Price Indeterminacy Reinvented: Pegging Interest Rates While Targeting Prices, Inflation, or Nominal Income
Contrary to Sargent and Wallace (1975), a central bank’s use of an interest-rate instrument does determine prices when the central bank pursues either a short-term or long-term price target. However, in order for a central bank’s pursuit of a long-term price target to be credible, the public still needs something like a Taylor or McCallum-Woodford rule. The use of an interest-rate instrument also determines prices when the central bank targets nominal income in either the short-term or long-term. However, if the central bank targets interest rates in the short term with a long-term inflation target, then prices are indeterminate.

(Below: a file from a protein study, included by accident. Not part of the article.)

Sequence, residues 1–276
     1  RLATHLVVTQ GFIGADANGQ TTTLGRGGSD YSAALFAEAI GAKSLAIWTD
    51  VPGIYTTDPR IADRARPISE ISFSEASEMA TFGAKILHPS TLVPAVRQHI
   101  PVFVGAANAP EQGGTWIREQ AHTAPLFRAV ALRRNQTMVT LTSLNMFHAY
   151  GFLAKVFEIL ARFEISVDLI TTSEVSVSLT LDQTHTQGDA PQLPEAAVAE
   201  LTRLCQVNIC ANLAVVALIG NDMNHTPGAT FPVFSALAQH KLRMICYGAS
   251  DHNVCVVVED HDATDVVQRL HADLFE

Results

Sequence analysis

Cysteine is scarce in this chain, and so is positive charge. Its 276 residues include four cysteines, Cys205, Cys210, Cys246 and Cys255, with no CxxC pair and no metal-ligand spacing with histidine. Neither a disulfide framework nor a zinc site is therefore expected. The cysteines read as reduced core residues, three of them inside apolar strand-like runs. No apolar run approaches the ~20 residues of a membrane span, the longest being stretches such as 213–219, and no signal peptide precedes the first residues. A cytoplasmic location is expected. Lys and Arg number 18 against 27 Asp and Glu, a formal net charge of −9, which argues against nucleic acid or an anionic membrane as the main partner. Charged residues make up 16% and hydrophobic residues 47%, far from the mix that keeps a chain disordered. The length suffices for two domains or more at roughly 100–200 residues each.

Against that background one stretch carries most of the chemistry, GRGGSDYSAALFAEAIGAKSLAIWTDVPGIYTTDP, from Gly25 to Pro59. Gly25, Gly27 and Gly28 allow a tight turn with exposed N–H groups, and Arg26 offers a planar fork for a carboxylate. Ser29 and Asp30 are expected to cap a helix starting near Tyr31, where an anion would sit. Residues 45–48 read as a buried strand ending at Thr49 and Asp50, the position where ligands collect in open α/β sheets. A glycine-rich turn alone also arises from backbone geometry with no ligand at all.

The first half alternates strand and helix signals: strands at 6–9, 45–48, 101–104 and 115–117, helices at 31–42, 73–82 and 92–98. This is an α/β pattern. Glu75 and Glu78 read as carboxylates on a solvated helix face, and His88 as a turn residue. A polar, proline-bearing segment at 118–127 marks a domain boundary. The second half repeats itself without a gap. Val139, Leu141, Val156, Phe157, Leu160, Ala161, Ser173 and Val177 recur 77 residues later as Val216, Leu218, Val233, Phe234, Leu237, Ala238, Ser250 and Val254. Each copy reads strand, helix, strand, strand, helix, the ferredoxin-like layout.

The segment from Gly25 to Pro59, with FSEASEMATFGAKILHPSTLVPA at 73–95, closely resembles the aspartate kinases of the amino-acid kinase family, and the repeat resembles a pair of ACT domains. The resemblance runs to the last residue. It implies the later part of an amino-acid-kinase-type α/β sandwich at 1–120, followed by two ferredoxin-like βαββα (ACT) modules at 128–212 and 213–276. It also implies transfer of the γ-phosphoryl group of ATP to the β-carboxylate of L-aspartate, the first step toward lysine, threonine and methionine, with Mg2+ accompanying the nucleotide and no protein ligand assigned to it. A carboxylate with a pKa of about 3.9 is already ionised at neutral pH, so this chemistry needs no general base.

Please report citation or reference errors to , or , if you are the registered author of the cited work, log in to your RePEc Author Service profile, click on "citations" and make appropriate adjustments.:
- Taylor, John B., 1993. "Discretion versus policy rules in practice," Carnegie-Rochester Conference Series on Public Policy, Elsevier, vol. 39(1), pages 195-214, December.
- Sargent, Thomas J & Wallace, Neil, 1975. ""Rational" Expectations, the Optimal Monetary Instrument, and the Optimal Money Supply Rule," Journal of Political Economy, University of Chicago Press, vol. 83(2), pages 241-54, April.
When requesting a correction, please mention this item's handle: RePEc:wpa:wuwpma:0501028. See general information about how to correct material in RePEc.
For technical questions regarding this item, or to correct its authors, title, abstract, bibliographic or download information, contact: (EconWPA)
If references are entirely missing, you can add them using this form.